Justice Department Stumps for Voter Rights in N.C.

     (CN) – North Carolina’s exclusionary and racist new voting laws should be killed before Election Day, the U.S. government says in Federal Court.
     The complaint in Greensboro, N.C., alleges that House Bill 589, signed into law in August 2013, reduces early voting days, eliminates same-day voter registration, prevents counties from counting provisional ballots if the voter casts the ballot in a precinct other than the voter’s home precinct, and requires voters to present photo identification to vote.
     “By restricting access and ease of voter participation, this new law would shrink, rather than expand, access to the franchise,” Attorney General Eric Holder said while announcing the filing. “Allowing limits on voting rights that disproportionately exclude minority voters would be inconsistent with our ideals as a nation.”
     The department’s 32-page federal complaint parades a bevy of statistics describing North Carolina’s demographics and how such restrictions will curb black voter turnout.
     Changes such as those adopted in North Carolina “will weigh more heavily on African-American voters, who, in previously elections, disproportionately voted during the first week of early voting, disproportionately made use of same-day voter registration, and disproportionately case out-of-precinct provisional ballots, and who disproportionately lack the forms of photo identification required by HB 589,” the complaint states.
     About 71 percent of black voters casted their votes during early voting periods, and HB 589 reduces the period to do so from 17 days down to 10, the Justice Department notes.
     The lawsuit points to the recent failed early day voting restrictions of Florida, which reversed its decision after extraordinarily long lines taxed the limited number of polls on election day in November 2012.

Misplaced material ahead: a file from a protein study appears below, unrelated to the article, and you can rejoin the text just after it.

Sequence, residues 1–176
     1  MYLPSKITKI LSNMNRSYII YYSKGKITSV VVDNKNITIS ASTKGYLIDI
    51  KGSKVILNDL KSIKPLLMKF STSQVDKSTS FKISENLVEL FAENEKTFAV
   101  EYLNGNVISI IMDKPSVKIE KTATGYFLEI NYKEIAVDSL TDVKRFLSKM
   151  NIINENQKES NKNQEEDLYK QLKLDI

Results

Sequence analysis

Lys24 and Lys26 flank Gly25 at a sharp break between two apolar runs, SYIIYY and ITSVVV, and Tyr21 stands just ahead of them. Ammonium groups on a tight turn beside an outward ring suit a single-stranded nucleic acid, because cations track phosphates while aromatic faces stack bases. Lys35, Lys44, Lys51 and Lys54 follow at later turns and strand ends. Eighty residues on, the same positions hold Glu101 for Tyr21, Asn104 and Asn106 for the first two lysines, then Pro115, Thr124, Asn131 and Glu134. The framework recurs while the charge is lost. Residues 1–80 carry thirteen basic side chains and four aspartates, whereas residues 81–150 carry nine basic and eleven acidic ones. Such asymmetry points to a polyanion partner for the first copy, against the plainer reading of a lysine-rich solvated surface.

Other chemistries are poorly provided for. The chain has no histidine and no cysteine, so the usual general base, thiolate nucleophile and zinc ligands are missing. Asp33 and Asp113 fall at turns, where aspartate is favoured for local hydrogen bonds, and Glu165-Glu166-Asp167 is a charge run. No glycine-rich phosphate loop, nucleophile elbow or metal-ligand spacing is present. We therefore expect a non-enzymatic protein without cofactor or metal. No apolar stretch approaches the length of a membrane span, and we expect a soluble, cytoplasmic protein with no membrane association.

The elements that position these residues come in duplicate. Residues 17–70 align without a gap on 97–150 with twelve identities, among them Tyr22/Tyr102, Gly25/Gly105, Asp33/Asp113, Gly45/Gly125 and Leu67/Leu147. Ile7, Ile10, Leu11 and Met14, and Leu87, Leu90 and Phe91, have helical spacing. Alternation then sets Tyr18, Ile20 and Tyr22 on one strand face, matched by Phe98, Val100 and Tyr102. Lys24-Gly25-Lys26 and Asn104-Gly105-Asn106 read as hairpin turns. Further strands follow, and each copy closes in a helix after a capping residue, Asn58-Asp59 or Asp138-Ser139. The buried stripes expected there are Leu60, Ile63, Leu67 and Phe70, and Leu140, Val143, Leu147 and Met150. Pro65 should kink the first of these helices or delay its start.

Statistics also weigh heavily in favor of white voters when it comes to photo identification restrictions, according to the complaint, which says that 3.8 percent of white voters do not have DMV-issued identification as compared with 7.4 percent of black voters.
     Holder said: “The Justice Department expects to show that the clear and intended effects of these changes would contract the electorate and result in unequal access to participation in the political process on account of race.”
     The DOJ filed its complaint under the Voting Rights Act, though the U.S. Supreme Court’s ruling in Shelby County v. Holder struck a blow to the government’s ability to force state and local governments with histories of voting discrimination to seek federal preclearance to change its voting rules.
     The court ruled, 5-4, that the law’s coverage formula to determine which jurisdictions face preclearance is unconstitutional, rendering the preclearance requirement irrelevant.
     Holder condemned the Supreme Court’s decision in his speech today, calling it “flawed,” stating that the ruling emboldened states to return discriminatory practices back into voting regulations. Holder also mentioned the Department’s two lawsuits against the state of Texas regarding redistricting and the requirement of voter photo identification.
     “These actions prove that – whenever warranted by the facts and the law – the Department will not hesitate to use the tools and legal authorities at our disposal to fight against racial discrimination, to stand against disenfranchisement, and to safeguard the right of every eligible American to cast a ballot,” Holder said.
     North Carolina Republican Gov. Pat McCrory defended the bill last month in a YouTube video, stating that “photo ID has become a part of everyday life. You need a photo ID to board an airplane, to cash a check or even to apply for most government benefits.”
     McCrory added that voters without identification can get one free of charge.
     “Many of those from the extreme left who have been criticizing photo ID are using scare tactics,” McCrory said in the video. “They’re more interested in divisive politics than insuring that no one’s vote is disenfranchised by fraudulent ballot.”
     The Justice Department is suing the state of North Carolina, its Board of Elections and the Board’s Executive Director Kim Strach under Section 2 of the Voting Rights Act.
     It wants an order enjoining the state from enforcing HB 589.

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